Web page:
At 30 Ninjas, chief executive Julina Tatlock noted that “the urge for immersion” is one of the chief disruptors that she and her partner, director Doug Liman, see in the M&E industry today. Whether it’s augmented reality, virtual reality or 360-degree imagery, she challenged the members of an NAB 2019 panel on emerging entertainment to pick the one they think will impact production in the next two years. Greenlight Insights VR/AR analyst Alexis Macklin picked all of them — plus cloud computing and AI tools. Continue reading Innovators, Analysts Examine New Entertainment Paradigms

Another Perspective on Deep Fakes: Threat and Opportunity

At the NAB 2019’s Broadcast Cybersecurity course, Emblematic Group founder/chief executive Nonny de la Peña introduced deep fakes by showing pairs of images and asking the audience to call out which was fake and which was real. From paired images of Presidents Obama and Trump, among others, audience members were consistently unable to pick the correct “fake” image. University of Washington researchers created a very convincing — but fake — video of Barack Obama, she revealed, by using neural network AI and 14 hours of Obama footage. Continue reading Another Perspective on Deep Fakes: Threat and Opportunity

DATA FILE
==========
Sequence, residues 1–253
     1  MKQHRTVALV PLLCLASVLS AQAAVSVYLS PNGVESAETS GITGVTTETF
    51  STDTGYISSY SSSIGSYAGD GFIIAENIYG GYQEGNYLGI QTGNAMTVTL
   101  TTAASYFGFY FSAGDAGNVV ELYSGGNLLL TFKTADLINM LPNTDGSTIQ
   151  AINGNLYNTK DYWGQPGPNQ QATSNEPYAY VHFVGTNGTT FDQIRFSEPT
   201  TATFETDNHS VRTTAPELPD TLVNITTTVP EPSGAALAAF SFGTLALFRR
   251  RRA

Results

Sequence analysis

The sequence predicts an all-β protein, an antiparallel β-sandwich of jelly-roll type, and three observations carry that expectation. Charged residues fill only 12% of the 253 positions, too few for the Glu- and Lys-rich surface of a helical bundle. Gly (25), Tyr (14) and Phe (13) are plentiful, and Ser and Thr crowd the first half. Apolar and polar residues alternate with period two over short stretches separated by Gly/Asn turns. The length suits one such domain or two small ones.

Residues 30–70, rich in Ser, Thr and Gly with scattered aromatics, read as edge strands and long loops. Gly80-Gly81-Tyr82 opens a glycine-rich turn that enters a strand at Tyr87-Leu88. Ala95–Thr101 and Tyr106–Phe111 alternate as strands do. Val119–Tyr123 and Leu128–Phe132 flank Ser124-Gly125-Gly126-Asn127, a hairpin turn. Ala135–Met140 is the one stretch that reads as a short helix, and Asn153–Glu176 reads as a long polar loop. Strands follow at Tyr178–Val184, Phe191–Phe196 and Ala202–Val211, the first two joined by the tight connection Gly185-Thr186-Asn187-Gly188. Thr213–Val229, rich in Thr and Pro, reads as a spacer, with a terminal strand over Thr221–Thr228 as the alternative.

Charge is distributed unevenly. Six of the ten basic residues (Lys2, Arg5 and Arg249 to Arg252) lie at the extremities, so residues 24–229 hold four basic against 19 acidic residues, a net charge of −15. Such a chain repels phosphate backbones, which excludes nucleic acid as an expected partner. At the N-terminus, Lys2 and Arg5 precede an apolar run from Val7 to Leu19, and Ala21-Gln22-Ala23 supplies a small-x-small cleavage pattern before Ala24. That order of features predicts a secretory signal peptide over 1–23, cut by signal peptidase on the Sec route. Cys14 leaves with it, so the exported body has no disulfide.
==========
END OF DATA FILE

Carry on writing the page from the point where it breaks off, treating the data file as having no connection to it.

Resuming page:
Impact of Multiplayer Games on Entertainment and Cinema

At a panel during this year’s NAB Show, Unity Technologies head of cinematics Adam Myhill reported that video game revenue has topped movie revenue for the last two years. “The top 25 IPs in the world are games now, and some of them are worth $10 billion, which is staggering,” he said. “On a quarterly basis, more people play Unity games than watch TV. Games reach three billion people, and the world’s population is a little more than twice that.” The point was, with such massive scale, games are bound to influence movies and other entertainment. Continue reading Impact of Multiplayer Games on Entertainment and Cinema

DCI Examines HDR, Direct View Displays for Digital Cinema